IF YOU want a demonstration of the power of socialism, look at Venezuela. A once thriving country, with the biggest proven oil reserves in the world, now in a state of pitiful collapse as shown by BBC2’s documentary Revolution in Ruins: The Hugo Chavez Story.

In 1970, Venezuela had a per capita GDP greater than Spain’s. Now it is a country of starvation where desperate people pick through rubbish for food. Last year, Venezuelans lost an average 24lb of body weight. Corruption and crime are endemic. The murder rate is 56 times higher than Britain’s. Many medicines are unavailable; public services have collapsed. Of a population of 30million-plus, more than 3million are believed to have fled abroad.

The popularity that President Hugo Chavez enjoyed until his death in 2013, when he was succeeded by his even less appealing but equally radical colleague Nicolas Maduro, stemmed from throwing vast amounts of money into welfare programmes and public services. Whatever the public wanted could be afforded. Chavez had found the mythical money tree. But he didn’t just satisfy the nation’s material needs, he was also entertainer in chief: a clown prancing for the cameras. Big cigars, gaudy tracksuits and a TV show where supplicants could ring in and have Mr President sort out their problems. It might be tasteless, but the comparison to Jimmy Savile’s glory days on Jim’ll Fix It before his posthumous disgrace seems almost unavoidable.

The regime had the ostentatious displays that dictators love. Ruritanian military uniforms, scarlet berets for supporters, clenched-fist salutes, marches, rallies and boastful sloganeering. Bread and circuses for the modern era. This sort of nonsense was very attractive to many Leftists outside the country. Here was a regime which used the rhetoric of revolution, expropriated the capitalists and stood up to America.

Never mind that revolution meant the use of brutality to silence critics and licensed violence against opponents, that expropriating the capitalists led to chronic economic mismanagement and a crisis in investment, or that opposing American ‘imperialism’ meant chumming up with monsters such as Saddam Hussein or Muammar Gaddafi. Of course Libya’s imperialism in Chad or Iraq’s in Kuwait could be ignored – neither Saddam nor Gaddafi were Yankees so they didn’t count. Here was a real socialist government, with real power, indifferent to criticism, led by a man who was happy to call George W Bush a donkey. How could our own Leftists not fall in love with Chavez?

It might be slightly indecent to use Venezuela’s misery to make points against Jeremy Corbyn and John McDonnell’s brand of socialism. It would be foolish, though, to ignore the warnings Venezuela gives us. It’s unlikely a one-term Corbyn government would reduce us to such destitution, however hard they might try. But Corbyn and other Labour figures have been proud to celebrate Chavez and Maduro. The film had some wonderful shots of a grinning Ken Livingstone and a fawning Jeremy Corbyn in the presence of the great leader during Chavez’s visit to the UK. I wonder what their adoration of Chavez tells us about their levels of economic literacy and respect for basic freedoms?

Whatever the failures of the Chavez ‘revolution’, and its increasing levels of authoritarianism, nothing could take the shine off for many on the Left. As Paul Horgan has already described in The Conservative Woman, there are those who will always defend ‘socialism,’ however dire its effects.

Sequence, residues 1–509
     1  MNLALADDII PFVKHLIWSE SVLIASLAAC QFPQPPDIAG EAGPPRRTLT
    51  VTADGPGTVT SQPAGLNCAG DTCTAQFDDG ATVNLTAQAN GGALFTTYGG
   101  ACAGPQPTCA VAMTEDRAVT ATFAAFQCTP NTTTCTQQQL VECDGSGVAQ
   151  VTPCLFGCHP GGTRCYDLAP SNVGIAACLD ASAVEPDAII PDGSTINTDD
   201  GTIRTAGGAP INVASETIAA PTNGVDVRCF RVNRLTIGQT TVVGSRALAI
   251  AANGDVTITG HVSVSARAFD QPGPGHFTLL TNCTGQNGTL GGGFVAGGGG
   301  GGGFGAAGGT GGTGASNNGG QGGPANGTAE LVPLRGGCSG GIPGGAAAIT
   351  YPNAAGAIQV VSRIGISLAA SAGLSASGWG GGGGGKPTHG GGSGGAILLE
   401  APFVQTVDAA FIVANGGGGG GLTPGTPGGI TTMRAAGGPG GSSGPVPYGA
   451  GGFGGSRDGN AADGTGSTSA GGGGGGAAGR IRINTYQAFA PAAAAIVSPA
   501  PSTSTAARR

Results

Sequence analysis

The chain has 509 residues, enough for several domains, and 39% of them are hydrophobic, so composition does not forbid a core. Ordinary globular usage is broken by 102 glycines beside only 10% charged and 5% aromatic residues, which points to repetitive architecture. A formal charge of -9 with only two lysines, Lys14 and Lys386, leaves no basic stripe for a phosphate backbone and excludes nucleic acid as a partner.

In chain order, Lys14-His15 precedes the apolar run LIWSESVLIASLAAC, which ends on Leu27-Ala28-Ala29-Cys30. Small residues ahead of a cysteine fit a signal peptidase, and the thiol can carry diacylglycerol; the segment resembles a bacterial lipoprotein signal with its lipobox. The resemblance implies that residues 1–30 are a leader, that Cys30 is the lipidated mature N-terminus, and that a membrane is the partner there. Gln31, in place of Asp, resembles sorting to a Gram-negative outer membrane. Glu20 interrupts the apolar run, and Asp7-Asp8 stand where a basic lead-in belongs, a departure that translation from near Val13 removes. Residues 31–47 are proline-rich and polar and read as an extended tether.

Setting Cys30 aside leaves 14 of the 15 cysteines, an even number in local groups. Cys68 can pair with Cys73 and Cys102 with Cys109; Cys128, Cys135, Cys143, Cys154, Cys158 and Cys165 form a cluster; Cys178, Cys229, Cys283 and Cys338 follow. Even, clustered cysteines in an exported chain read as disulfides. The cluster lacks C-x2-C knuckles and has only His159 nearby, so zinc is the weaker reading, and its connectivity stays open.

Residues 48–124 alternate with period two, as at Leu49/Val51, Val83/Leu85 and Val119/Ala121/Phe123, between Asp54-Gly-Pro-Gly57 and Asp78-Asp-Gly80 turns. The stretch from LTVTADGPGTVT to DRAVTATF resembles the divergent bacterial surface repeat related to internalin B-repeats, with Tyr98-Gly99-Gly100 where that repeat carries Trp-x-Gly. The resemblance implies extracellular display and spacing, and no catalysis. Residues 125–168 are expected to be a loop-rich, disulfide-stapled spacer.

Chavez believed he had found the short cut to boost the living standards of the poor, his natural constituency. This may have been a laudable aim, but as the documentary showed, such short cuts don’t exist. Economic progress is always hard won.

Chavez thought that oil money would pay for everything, and as a bonus the state could seize whatever profitable companies caught his eye. Steel, banking, electricity generation and much else were brought under the control of the state, which would run businesses better than they could run themselves. If things didn’t go to plan, the state could direct resources or regulate prices to ensure the poor were protected.

Needless to say, the more the government interfered with the workings of the free economy and the more the opposition and media lost its power to challenge government excess, the worse the economic situation became. Not something that should surprise anyone who’s not a convinced Marxist, or who has a rudimentary knowledge of history and/or of how economies actually work.

Sadly though unsurprisingly, our Labour Party doesn’t seem to want to acknowledge the failure of Venezuela’s great socialist experiment. Only last June, the Corbynite MP Chris Williamson was happy to speak at an event organised by the Venezuela Solidarity Campaign, which supports the government of the country. Diane Abbott has been happy to employ Matt Willgress, the national co-ordinator of the VSC. Others in Labour share the enthusiasm.

Still available on the BBC’s iPlayer, the film was a powerful well-made introduction to the subject, even if it didn’t clearly make the links or note the similarities between some on our own Left and Chavez’s and Maduro’s United Socialist Party of Venezuela. Of course it seems far-fetched to compare Corbyn and McDonnell to Chavez and Maduro – but you can often tell a lot about someone by whom they admire.

According to Corbyn, as quoted on the programme, Chavez was a real example of socialism and there seems to be no intention to acknowledge the disaster, let alone of apologising. To Corbyn, Chavez ‘showed us there is a different way of doing things’. If we followed his example we would ‘march on to a better, just and peaceful world’. A lovely quote to comfort those Venezuelans who will be picking their dinners out of dustbins tonight.

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